Intern Blog: Testing Water Samples at Deer Island
I recently got the opportunity for a behind-the-scenes look at how water samples from CRWA’s monthly monitoring program are tested. Even though it was a chilly 20 degrees on the day of sampling, dedicated volunteers went out early in the morning to collect water from the river and deliver the samples to CRWA. Once at the office, the sample bottles were packed in ice to keep them fresh on their journey to the lab at Deer Island.
Located in Winthrop, Deer Island is the Massachusetts Water Resources Authority’s (MWRA) wastewater treatment facility (www.mwra.com). The plant processes wastewater for 43 communities in greater Boston. In addition to testing CRWA’s samples, the Deer Island lab also provides daily monitoring of the water, effluent, and sediment in Massachusetts Bay to assess the impact of the facility’s discharge to a deep water section of the Bay. The lab also evaluates the health of fish and shellfish in Massachusetts and Cape Cod Bays which necessitates adherence to FDA standards.
Deer Island is an amazing complex. Approaching the checkpoint for admittance, I could see the beautiful expanse of Massachusetts Bay on the right. On the left, turbines were spinning and 150-feet tall, egg- shaped digesters were working on breaking down sludge from wastewater into methane, CO2, water, and organics. The facility aims to produce very little waste and much of this methane output is utilized as an energy source for the plant. Various signs along the entrance to the facility indicate that there are scenic walking areas to be enjoyed by visitors. Other plaques explain some of the rich history of this site as a quarantine station for immigrants, and as a hospital and prison.
As soon as I arrived at the lab, Jonathan Brody, CRWA’s contact at Deer Island, wheeled CRWA’s ice chest to its first stop where the water samples were removed and the date and time of arrival recorded. The water was then taken to the Central Lab and mixed with Colielert-18, a reagent that is used to identify the presence of E.coli. This bacteria indicates contamination in the water from human or animal waste. Using long pipettes to draw the water out of CRWA’s plastic bottles, the lab staff inserted the samples into what look like very shallow ice trays. The back of these trays are then completely sealed with a plastic coating. Lab supervisor, Laura Ducott, explained that the trays need an incubation period in the refrigerator for about 18 hours. At that point, the trays are observed under UV light. Laura placed other samples that were fully incubated under the light to demonstrate the presence of a bright fluorescent color. This color change is the indication that E. coli is present.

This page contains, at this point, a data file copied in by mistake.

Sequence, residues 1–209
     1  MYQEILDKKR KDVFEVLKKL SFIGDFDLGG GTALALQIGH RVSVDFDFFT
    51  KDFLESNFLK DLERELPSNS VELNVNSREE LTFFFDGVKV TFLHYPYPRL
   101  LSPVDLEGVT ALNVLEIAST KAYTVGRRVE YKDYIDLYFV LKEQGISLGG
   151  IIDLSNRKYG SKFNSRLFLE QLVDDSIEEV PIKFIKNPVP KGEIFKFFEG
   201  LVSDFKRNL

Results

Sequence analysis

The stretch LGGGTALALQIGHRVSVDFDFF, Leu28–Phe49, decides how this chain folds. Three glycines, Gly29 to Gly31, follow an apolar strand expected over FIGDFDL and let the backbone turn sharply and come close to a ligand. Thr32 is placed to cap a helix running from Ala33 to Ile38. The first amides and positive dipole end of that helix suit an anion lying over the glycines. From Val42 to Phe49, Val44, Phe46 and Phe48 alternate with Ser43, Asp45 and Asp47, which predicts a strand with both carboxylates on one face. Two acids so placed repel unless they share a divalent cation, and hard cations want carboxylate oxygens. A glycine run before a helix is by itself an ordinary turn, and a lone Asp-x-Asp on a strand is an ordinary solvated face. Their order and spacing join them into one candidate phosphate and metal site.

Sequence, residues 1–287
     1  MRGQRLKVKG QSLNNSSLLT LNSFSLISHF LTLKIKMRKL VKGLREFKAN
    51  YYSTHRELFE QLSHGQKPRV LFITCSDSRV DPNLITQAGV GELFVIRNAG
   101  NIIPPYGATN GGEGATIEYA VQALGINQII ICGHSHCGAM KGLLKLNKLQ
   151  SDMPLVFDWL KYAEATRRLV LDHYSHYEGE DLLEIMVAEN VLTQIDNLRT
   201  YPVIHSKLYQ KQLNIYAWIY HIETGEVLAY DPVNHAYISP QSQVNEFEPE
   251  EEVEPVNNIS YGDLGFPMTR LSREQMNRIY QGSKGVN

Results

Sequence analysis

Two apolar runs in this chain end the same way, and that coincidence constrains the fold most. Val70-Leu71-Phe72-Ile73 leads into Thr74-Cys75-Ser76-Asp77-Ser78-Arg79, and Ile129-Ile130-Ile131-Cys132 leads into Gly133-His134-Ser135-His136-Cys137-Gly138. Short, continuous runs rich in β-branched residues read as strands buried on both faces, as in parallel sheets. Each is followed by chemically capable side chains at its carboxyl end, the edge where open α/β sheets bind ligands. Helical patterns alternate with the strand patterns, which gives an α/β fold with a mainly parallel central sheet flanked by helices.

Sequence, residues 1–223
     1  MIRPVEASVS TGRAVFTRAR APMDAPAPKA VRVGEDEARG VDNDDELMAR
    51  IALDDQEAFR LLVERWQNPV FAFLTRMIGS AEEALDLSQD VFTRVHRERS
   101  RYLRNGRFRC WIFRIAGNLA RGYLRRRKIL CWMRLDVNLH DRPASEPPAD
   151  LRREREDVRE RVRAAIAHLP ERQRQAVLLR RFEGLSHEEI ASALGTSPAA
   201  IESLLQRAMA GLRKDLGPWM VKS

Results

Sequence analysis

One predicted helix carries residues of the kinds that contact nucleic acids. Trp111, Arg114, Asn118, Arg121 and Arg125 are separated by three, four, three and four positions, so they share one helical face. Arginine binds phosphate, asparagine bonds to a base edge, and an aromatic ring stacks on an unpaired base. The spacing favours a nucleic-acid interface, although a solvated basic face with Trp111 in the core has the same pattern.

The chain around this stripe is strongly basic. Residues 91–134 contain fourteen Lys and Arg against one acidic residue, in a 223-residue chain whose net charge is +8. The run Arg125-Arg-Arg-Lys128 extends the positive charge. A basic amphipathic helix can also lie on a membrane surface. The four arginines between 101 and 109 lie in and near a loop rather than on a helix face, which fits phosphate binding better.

|Lab staff at work|
The staff at Deer Island were generous with their time and even shared some of their impressions of the Charles River. Jonathan says the Charles has been a staple in his life, providing wonderful memories from his days growing up in the Boston area, including 4th of July celebrations. He was so struck by the beauty of the Charles one day as he was riding the T near the Salt and Pepper Bridge, that he wrote a song about it!
Thank you to all of the staff at the Lab who were so generous with their time and who work so hard to help monitor the health of the Charles River. You can see the data MWRA collects for the Charles River at: www.mwra.state.ma.us/harbor/html/cr_wq.htm
|Lab staff sorting CRWA water samples|